Indian Decade

NCP’s Power Play Ends

After a week-long standoff, the Congress-led UPA seems to have survived another scare.

The Congress-led United Progressive Alliance (UPA) government seems to have survived a scare.

The Congress-Nationalist Congress Party (NCP) crisis has just blown over. The NCP has forced the Congress Party and UPA II (2009-present) to have a coordination committee in the mold of the UPA I (2004-2009). The promised coordination committee will consult all UPA stakeholders before every important decision is made and will meet at least once a month.

If the spat with the NCP was not solved quickly, the intra-coalition rebellion could have been taken up by other allies of the Congress Party. Instead this incident ended after a week-long power plaly by NCP strongman and union agriculture minister Sharad Pawar.

Pawar's riff with the Congress was not about the UPA government’s choice to pass over him for the number two slot in the Party’s hierarchy. Instead, Pawar was angered by Maharashtra Chief Minister Prithviraj Chavan’s new campaign to weed out corrupt officials. Already a number of NCP leaders had come under scrutiny inclding Ajit Pawar, the deputy chief minister who also happens to be Sharad Pawar’s nephew. Some other senior NCP ministers like Chaggan Bhujbal and Sunil Tatkare were also reportedly being investigated for graft allegations.

Although the  NCP held out for an entire week, it was preordained that it would eventually relent. With just nine MPs in the Lok Sabha and seven in the Rajya Sabha, the NCP does not have the numbers in Parliament to make the Congress heed its demand. Pawar just does not have the kind of political leverage that other UPA allies like Trinamool Congress and DMK enjoy.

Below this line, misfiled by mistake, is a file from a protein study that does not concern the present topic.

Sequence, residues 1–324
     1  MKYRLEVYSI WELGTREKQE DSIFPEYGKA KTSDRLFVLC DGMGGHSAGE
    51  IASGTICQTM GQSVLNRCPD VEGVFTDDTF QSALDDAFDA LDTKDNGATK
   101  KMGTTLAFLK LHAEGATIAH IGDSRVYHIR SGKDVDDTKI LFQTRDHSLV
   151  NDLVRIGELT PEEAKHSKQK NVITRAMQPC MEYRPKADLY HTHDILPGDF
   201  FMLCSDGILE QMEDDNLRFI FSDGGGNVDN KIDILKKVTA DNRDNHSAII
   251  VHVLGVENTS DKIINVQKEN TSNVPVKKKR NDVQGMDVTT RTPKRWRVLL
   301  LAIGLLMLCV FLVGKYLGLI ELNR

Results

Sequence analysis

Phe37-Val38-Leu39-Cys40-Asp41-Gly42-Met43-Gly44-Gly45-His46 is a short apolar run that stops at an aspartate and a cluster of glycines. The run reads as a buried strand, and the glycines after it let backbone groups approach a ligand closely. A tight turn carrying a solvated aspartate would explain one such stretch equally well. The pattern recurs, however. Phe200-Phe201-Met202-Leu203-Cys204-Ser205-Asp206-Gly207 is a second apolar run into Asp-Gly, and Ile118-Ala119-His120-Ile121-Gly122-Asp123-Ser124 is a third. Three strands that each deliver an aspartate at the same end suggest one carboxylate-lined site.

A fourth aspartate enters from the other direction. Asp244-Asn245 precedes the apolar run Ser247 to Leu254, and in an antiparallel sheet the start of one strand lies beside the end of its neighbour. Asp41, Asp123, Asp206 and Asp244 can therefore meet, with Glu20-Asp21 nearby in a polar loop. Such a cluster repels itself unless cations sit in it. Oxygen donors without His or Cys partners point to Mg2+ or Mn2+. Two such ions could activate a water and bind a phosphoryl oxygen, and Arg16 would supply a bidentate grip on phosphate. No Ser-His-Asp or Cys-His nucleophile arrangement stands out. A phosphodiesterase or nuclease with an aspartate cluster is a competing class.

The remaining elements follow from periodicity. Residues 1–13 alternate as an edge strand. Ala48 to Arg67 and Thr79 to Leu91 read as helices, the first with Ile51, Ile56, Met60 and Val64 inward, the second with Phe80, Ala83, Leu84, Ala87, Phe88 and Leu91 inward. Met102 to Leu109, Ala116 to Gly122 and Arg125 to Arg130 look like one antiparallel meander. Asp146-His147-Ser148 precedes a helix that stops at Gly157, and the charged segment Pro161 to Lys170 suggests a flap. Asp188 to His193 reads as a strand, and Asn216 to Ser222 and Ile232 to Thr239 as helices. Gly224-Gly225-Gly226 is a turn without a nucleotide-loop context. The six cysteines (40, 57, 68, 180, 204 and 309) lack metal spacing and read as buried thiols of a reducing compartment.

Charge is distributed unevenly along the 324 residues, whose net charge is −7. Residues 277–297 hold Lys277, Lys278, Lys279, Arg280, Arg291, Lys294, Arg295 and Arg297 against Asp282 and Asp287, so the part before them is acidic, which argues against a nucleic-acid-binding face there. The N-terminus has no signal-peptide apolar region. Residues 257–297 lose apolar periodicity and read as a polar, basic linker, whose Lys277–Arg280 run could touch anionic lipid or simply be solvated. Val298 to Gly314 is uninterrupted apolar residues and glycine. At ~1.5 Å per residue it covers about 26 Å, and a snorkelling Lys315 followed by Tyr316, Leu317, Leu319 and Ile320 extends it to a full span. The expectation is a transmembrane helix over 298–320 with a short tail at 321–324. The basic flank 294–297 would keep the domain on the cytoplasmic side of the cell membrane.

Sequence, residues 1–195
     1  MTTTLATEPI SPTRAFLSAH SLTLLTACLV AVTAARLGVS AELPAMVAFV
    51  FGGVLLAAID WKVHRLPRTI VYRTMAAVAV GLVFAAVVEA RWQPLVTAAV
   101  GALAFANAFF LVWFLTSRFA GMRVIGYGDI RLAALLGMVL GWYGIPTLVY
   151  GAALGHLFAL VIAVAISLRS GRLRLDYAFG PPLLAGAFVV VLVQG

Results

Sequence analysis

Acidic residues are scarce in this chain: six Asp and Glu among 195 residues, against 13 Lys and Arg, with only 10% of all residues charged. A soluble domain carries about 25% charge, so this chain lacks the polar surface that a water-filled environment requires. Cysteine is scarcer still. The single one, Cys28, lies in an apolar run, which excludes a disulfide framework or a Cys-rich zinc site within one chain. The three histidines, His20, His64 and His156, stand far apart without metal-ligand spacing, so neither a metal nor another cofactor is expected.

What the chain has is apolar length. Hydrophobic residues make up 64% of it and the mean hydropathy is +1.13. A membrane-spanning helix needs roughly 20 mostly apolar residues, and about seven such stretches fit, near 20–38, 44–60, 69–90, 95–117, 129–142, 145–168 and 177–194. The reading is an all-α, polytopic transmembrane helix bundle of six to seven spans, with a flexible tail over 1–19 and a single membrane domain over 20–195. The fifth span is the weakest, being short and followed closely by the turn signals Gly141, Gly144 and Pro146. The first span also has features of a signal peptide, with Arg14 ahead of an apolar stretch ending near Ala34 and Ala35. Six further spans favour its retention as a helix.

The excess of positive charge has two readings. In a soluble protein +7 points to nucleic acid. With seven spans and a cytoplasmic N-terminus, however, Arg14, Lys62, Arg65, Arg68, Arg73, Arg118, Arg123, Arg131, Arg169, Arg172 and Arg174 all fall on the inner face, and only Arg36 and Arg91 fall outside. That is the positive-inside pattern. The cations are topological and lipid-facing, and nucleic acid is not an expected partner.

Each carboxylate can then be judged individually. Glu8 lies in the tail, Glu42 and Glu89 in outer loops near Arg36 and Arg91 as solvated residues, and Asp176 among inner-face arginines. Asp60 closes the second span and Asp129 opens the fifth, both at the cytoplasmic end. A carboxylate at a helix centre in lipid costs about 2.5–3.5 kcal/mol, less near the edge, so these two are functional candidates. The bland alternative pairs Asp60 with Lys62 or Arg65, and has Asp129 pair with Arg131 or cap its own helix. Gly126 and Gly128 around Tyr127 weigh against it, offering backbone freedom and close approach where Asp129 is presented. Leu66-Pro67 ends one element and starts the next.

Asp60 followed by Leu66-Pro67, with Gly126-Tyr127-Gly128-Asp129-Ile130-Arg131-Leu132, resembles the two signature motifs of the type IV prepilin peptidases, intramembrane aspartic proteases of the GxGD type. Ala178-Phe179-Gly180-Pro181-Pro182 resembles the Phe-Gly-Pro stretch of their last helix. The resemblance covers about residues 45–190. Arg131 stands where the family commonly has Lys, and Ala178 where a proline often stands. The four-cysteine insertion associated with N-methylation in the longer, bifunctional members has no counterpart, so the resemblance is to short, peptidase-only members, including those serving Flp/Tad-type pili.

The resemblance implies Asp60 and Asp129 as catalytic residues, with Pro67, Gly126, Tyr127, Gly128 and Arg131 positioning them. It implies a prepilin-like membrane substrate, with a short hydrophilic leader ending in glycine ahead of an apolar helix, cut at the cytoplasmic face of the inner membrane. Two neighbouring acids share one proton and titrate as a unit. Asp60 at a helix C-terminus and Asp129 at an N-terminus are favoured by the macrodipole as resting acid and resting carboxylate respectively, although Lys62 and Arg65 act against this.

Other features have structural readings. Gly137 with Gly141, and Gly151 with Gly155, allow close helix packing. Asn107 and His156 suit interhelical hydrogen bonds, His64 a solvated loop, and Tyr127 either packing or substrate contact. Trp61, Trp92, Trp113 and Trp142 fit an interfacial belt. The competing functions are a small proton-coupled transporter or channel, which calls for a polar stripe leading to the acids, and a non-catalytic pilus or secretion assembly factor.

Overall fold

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But had the Congress Party not taken care of Pawar's rebellion, it could have spread to these more influential allies. Pawar shrewdly not only engaged with other UPA allies like the Trinamool, Congress, and the DMK but also fed the media reports of his dealings with these two other UPA allies. His messsage to the Congress was clear: listen to my demands or else. 

It was a vintage move Sharad Pawar, who is often called “the Gambler.” Indeed, this was no less than the third time that Pawar has taken a tough stand against the Congress and sought new political alliances and realignments. Thus, in the 1970's he quit the Congress in order to become the Chief Minister of Maharashtra. Years after leaving that position, in 1988, then-Prime Minister Rajiv Gandhi reached out to him and brought him back into the Congress fold by making him the Chief Minister once more. He left the Congress a few years after that, however, this time because of the Italian-born Congress leader, Sonia Gandhi’s, foreign birthplace. The move backfired and he was again in political wilderness.

The brief NCP-Congress standoff reveals that the UPA is not immune from political instability. It also demonstrates that the opposition’s incapable of seizing upon the Congress's woes.